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The Gone-Away World

ENG2502: Text, Culture, Context (Science Fiction and Society)
by

Camilla Hoel

on 10 April 2014

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Transcript of The Gone-Away World

The Gone-Away World
Nick harkaway
(1972- )
ENG2502 "Science Fiction and Society"
NTNU
April 10, 2014
Dr Camilla Ulleland Hoel
structures of evil
the other
Hannah Arendt:
The Banality of Evil
capitalism
“The problem isn’t who is in charge. It’s what is in charge. The problem is that people are encouraged to function as machines. Or actually, as mechanisms. Human emotion and sympathy are unprofessional. They are inappropriate to the exercise of reason. Everything which makes people good — makes them human — is ruled out.” (104)

"According to Sebastian, ideas have run away with the world. He hates chain stores and fast-food restaurants, mass-produced items and fashionable clothes — any instance of something which is repeated across the world regardless of local context. These things deny the uniqueness of each moment and each person” (130).
“Sebastian’s credo — which he does indeed value above almost anything else — is that no single idea, no map of progress, no theory should ever advance in the world at the cost of a single human life. Sebastian loathes the statistics with which he is so able. He is interested exclusively in histories, because where numbers of the dead are only numbers, stories of them evoke tragedy." (130)
Government Machine
military
Jorgmund &
The Clockwork Hand Society
(ninjas)
Wu Shenyang
Zaher Bey
The Voiceless Dragon
The Katiri (pirates)
“I thought I was fighting against greedy, evil men. And then I began to realise that they were just ordinary men, but what was happening inside them was very strange. They were heaving as if they were evil. As if they hated us. The consequences of their actions were horrible.
… All the time I could not understand why. There was no human reason for this.
… It was futile. It made no sense. Only an idiot would engage in such a battle.
… An idiot or a machine.” (332)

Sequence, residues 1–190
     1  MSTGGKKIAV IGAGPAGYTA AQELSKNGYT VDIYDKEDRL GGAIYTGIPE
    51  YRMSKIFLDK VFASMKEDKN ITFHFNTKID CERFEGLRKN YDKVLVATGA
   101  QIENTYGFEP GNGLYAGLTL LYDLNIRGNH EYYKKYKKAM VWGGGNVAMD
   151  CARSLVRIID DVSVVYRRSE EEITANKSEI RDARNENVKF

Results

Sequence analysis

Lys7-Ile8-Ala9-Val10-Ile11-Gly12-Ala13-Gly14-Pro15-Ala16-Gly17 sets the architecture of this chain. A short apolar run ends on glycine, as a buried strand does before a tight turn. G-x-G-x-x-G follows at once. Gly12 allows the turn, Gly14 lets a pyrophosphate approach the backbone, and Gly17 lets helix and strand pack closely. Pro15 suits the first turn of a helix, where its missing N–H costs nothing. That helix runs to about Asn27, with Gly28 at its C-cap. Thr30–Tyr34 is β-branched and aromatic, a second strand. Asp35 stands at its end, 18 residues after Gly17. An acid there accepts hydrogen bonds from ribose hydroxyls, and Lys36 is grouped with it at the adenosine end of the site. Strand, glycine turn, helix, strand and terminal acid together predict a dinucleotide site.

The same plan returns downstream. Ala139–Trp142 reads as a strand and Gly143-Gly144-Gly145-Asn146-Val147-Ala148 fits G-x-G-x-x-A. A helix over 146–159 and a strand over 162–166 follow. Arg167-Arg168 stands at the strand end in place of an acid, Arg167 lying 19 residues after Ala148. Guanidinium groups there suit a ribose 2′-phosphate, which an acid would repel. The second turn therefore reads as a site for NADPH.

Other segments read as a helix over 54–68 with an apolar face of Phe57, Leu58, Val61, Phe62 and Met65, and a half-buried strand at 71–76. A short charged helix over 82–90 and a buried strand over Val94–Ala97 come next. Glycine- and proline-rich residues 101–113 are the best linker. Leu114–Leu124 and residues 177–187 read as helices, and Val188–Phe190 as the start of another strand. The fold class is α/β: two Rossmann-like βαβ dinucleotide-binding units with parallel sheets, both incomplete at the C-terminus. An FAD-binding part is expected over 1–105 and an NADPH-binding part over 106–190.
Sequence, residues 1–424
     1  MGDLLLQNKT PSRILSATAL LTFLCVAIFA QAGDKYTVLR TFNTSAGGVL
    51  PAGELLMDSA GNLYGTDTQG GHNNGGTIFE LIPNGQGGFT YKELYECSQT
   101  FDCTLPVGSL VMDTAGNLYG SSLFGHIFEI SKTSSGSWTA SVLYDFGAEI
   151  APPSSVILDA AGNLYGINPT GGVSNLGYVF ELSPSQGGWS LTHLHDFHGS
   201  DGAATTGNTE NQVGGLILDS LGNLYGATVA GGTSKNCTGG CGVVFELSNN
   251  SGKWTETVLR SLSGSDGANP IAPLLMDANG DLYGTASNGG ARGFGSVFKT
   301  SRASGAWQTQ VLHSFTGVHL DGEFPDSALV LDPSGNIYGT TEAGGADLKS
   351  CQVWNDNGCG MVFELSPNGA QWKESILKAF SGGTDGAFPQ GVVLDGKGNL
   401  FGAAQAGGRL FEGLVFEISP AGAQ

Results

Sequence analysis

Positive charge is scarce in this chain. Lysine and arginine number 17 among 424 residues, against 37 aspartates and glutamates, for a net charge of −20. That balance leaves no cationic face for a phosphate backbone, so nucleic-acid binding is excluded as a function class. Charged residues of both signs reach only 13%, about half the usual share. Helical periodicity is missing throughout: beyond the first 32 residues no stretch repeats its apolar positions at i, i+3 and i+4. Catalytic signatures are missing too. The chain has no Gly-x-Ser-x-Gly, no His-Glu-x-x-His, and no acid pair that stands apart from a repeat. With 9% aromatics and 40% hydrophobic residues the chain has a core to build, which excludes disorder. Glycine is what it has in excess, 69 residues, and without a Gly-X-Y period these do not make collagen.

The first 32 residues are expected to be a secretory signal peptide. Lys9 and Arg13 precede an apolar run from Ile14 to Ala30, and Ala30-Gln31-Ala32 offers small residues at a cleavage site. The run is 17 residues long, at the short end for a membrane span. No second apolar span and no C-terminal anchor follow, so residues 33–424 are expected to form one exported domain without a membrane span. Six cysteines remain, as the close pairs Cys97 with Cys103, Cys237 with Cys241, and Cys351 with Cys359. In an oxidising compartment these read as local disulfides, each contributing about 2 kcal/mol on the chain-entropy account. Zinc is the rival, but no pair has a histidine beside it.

Someone on the other end speaks, firmly and simply. General George either grows older or grows colder; it happens to him from within like a tall building being demolished or flowers growing in fast motion, and I realise that he is making himself into the cog, rather than the man. The saving grace of hierarchy — of the Government Machine — is this: George Copsen will execute the orders of his country, and in doing so he will kill thousands, maybe more. But it will not be his choice. It will be the action of a nation, a huge complex animal of which he is the tiniest part, albeit at this moment a significant part. George Copsen retreats and General Copsen emerges to take his place and keep him from going mad given what he will now do.” (218)

"The un-war which is going on all around and is possessed of an irrational and powerful volution of its own ...
The logic of un-war is strong. Certain actions demand certain responses, of which the simplest is 'shot at? Shoot back.'" (178)
“‘So, I ask again, what is Jorgmund? Not the Pipe. The Pipe is an object that brings relief. But Jorgmund is not only that. Is it a government? A company?’ He shrugs again. ‘... Jorgmund is a machine for laying, maintaining and defending the Pipe. That is its only task. Its only priority. In fact, that is the only thing it can see. It is blind to us. It does not even know that we exist, except in so far as we impinge upon that purpose.
… Humans are simply not of interest to Jorgmund. We are gears.’” (330)